Huawei Storage R&D Innovation is the Core Strength .pdf
Original filename: Huawei Storage R&D Innovation is the Core Strength.pdf
Author: Limingxiao (Patrick)
This PDF 1.7 document has been generated by WPS 文字 / , and has been sent on pdf-archive.com on 29/11/2018 at 15:00, from IP address 58.152.x.x.
The current document download page has been viewed 105 times.
File size: 71 KB (3 pages).
Privacy: public file
Download original PDF file
Huawei Storage: R&D Innovation is the Core Strength
Cloud and storage are the most demanding areas in the ICT industry. Users demand that their core
business processes and data are always stable and secure. Huawei invests more funds and
personnel in storage R&D than any peer company. We began researching storage technologies in
2002 and now have R&D offices around the world. Our Silicon Valley office is the bridgehead of
storage technologies, and the storage algorithm research center in Russia and delivery competence
centers in Shenzhen, Chengdu, and Beijing all contribute to technology innovation and core
competitiveness. Huawei has already invested more than US$2 billion and 3200 R&D engineers in
this field, obtaining more than 800 storage patents.
In addition to the continuous accumulation of "hardware" strengths, Huawei is also an industry
leader in data applications. In the future, the core competitiveness in the storage industry lies in
the organic combination of software and hardware capabilities, integrating chips and solid-state
drives (SSDs) with algorithms, compute, and software capabilities. Huawei is the only vendor
with a proprietary storage operating system (OceanStor OS), controllers, and SSDs (Huawei's
SSDs/HSSDs). We implement end-to-end, in-depth, flash-oriented optimization on OceanStor OS
and HSSDs to maximize the advantages of all-flash storage. The dedicated flash-optimized
OceanStor OS, unique flash-optimized algorithms, and dedicated performance-acceleration
HSSDs enable Huawei's all-flash storage to deliver the industry's highest performance and
As the core for Huawei's all-flash storage software and hardware, OceanStor OS and HSSDs are
of strategic significance for us.
The core of a storage system is its operating system. An optimal operating system ensures smooth
storage experience of end users. Currently, the configuration, service logics, and hardware
deployment of Huawei's storage rely on OceanStor OS, the soul of Huawei's storage products,
fully developed by Huawei's employees.
Powered by OceanStor OS, Huawei's storage products enjoy continual innovation in storage
management. Traditional storage vendors such as Dell EMC and HPE usually obtain the latest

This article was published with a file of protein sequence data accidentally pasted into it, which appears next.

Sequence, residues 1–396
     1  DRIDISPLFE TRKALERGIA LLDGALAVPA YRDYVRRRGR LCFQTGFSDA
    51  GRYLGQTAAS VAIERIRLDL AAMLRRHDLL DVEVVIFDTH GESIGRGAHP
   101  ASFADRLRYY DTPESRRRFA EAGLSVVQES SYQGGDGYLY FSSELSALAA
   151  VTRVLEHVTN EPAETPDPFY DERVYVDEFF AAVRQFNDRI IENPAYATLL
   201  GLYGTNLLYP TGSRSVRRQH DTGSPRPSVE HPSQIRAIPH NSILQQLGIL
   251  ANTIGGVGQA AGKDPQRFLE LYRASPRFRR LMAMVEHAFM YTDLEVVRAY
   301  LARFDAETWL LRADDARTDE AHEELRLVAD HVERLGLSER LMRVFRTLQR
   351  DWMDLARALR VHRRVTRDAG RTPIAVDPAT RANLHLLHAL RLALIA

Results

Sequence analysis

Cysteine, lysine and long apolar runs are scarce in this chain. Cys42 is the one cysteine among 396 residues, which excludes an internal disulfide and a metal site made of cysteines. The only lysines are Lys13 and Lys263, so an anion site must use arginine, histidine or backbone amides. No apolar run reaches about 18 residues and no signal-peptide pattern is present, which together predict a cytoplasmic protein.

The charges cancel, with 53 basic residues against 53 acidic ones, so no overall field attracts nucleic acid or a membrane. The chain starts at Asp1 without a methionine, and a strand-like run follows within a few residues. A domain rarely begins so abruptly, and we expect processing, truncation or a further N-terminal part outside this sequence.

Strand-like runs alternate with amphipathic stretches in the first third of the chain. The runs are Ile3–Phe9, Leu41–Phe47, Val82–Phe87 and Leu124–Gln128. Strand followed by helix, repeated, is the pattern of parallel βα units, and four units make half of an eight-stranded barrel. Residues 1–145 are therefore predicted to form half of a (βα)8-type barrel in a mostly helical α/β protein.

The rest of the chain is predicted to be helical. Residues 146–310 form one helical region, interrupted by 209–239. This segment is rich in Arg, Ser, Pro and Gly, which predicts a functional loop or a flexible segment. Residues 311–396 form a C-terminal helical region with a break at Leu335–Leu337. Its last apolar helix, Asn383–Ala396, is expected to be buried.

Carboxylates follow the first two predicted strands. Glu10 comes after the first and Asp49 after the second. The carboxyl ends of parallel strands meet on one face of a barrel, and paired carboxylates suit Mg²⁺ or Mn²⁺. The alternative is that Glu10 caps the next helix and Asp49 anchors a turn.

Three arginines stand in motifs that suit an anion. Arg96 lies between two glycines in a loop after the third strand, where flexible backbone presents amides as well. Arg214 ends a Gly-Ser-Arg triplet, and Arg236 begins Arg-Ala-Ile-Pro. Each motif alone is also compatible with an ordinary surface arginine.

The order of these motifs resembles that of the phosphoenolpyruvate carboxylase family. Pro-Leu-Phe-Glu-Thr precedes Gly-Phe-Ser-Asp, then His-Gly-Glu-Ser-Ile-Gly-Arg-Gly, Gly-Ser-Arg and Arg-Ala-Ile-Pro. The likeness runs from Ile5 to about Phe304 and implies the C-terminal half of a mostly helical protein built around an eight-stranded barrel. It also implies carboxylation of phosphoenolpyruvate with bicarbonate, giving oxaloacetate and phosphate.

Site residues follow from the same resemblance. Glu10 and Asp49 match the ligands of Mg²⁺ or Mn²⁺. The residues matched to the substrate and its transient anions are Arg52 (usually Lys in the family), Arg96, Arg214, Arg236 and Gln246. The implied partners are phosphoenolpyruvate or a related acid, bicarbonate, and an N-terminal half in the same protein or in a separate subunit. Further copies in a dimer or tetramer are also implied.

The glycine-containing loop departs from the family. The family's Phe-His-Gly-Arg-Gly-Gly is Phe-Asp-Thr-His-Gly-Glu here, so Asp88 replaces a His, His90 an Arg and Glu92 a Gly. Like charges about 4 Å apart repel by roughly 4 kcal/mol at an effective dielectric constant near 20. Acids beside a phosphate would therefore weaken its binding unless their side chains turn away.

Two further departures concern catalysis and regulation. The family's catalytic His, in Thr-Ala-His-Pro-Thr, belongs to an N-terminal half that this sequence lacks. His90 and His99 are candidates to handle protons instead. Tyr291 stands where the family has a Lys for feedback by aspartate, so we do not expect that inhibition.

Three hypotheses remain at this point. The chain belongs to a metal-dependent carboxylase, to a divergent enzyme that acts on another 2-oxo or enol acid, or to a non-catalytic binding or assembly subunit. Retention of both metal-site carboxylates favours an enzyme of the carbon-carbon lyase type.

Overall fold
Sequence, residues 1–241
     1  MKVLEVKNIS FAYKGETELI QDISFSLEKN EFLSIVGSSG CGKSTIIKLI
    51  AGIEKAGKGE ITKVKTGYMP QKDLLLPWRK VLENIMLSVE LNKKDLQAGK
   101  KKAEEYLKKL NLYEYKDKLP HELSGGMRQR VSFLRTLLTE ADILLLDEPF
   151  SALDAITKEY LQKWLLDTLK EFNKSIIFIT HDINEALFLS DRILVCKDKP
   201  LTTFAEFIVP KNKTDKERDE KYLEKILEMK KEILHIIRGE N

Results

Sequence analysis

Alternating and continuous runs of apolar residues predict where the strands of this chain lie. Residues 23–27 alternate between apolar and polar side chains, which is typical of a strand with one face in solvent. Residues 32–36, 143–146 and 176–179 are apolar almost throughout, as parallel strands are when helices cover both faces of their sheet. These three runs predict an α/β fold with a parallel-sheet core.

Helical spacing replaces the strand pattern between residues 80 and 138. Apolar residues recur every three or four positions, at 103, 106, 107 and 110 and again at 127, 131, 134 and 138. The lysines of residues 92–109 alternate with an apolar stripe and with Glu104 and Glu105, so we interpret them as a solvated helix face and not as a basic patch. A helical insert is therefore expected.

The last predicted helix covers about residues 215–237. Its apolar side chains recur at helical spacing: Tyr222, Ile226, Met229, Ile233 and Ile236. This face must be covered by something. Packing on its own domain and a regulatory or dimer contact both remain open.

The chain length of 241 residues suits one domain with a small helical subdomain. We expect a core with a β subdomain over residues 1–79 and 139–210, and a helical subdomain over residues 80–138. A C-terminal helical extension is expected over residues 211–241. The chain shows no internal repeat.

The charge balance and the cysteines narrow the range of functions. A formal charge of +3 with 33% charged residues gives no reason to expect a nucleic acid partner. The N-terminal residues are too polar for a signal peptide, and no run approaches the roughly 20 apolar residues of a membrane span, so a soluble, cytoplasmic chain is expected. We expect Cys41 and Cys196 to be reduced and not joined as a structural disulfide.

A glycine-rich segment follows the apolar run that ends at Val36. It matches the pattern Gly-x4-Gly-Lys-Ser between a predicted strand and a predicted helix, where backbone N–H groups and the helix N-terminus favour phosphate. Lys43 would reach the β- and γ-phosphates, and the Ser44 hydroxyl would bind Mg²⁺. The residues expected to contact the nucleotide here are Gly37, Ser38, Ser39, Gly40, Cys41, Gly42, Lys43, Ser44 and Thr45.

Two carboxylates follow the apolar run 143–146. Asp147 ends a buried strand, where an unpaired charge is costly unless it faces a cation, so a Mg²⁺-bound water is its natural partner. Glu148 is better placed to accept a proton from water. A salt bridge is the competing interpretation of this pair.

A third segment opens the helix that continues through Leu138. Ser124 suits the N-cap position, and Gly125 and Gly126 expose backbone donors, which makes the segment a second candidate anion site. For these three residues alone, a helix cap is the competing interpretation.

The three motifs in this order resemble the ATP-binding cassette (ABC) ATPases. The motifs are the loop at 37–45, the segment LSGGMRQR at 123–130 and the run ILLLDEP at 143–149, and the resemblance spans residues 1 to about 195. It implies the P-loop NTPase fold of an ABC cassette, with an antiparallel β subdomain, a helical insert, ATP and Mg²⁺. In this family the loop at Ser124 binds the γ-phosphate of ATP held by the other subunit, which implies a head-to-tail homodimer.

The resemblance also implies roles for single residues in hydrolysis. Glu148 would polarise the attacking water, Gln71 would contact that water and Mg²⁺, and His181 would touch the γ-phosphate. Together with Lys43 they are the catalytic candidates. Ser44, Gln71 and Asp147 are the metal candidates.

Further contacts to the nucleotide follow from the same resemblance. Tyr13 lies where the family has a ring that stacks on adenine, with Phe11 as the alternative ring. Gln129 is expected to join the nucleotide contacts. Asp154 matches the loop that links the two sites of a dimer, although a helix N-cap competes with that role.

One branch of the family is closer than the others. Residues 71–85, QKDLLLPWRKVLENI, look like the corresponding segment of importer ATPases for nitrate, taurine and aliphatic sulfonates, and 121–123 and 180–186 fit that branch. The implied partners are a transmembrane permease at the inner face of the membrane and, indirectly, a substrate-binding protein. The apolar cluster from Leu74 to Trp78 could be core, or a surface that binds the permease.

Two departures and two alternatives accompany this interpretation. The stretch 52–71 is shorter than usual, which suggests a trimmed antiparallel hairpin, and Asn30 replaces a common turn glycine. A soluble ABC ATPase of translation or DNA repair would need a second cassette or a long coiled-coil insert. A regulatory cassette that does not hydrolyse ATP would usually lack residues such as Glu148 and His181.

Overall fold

popular technologies through M&As. Over the past few years, HPE has acquired storage start-ups,
such as 3PAR in 2010 and Nimble Storage in 2017, helping them offer new products.
However, M&A brings unique problems. Users find that storage products of multiple sub-brands
in a data center fail to collaborate properly with each other. It is difficult to migrate services from
an old storage device to a new one because sub-brand products adopt different storage operating
systems at the underlying layer, making flexible data replication and migration impossible.
As for hardware, Huawei launches chips supporting comprehensive capabilities pertaining to
computing, storage, network, and management, to improve overall storage performance and
reliability. Take a flash controller chip as an example. It is an essential component of an SSD. In
the industry, only Huawei, Intel, and Samsung are capable of developing SSDs and SSD controller
Through in-depth understanding of the underlying layer in a data center, we have designed
proprietary high-performance, highly reliable SSDs. Competitors like Dell EMC and NetApp use
SSDs from Toshiba, SanDisk, Micron, and Memblaze, which are powered by third-party
controller chips. Huawei's HSSD controller chips adopt hard logics to implement dynamic RAID,
data inspection, and LDPC algorithms, providing higher efficiency and better performance than
SSD controller chips of other vendors using built-in CPU algorithms.
Moore's law, named after Gordon Moore, the co-founder of Fairchild Semiconductor and Intel,
proposed the, is the observation that the number of transistors in a dense integrated circuit
approximately doubles about every two years. It describes Intel's success in crossing the industrial
development gap and has accurately described the development of the IT industry for decades.
Moore's law not only describes technological development, but also represents a physical or
natural law. Each successful product has its own "Moore's law" describing its exponential growth
trend. We must have an open mind and insist on learning and self-iteration to adapt to the
all flash array: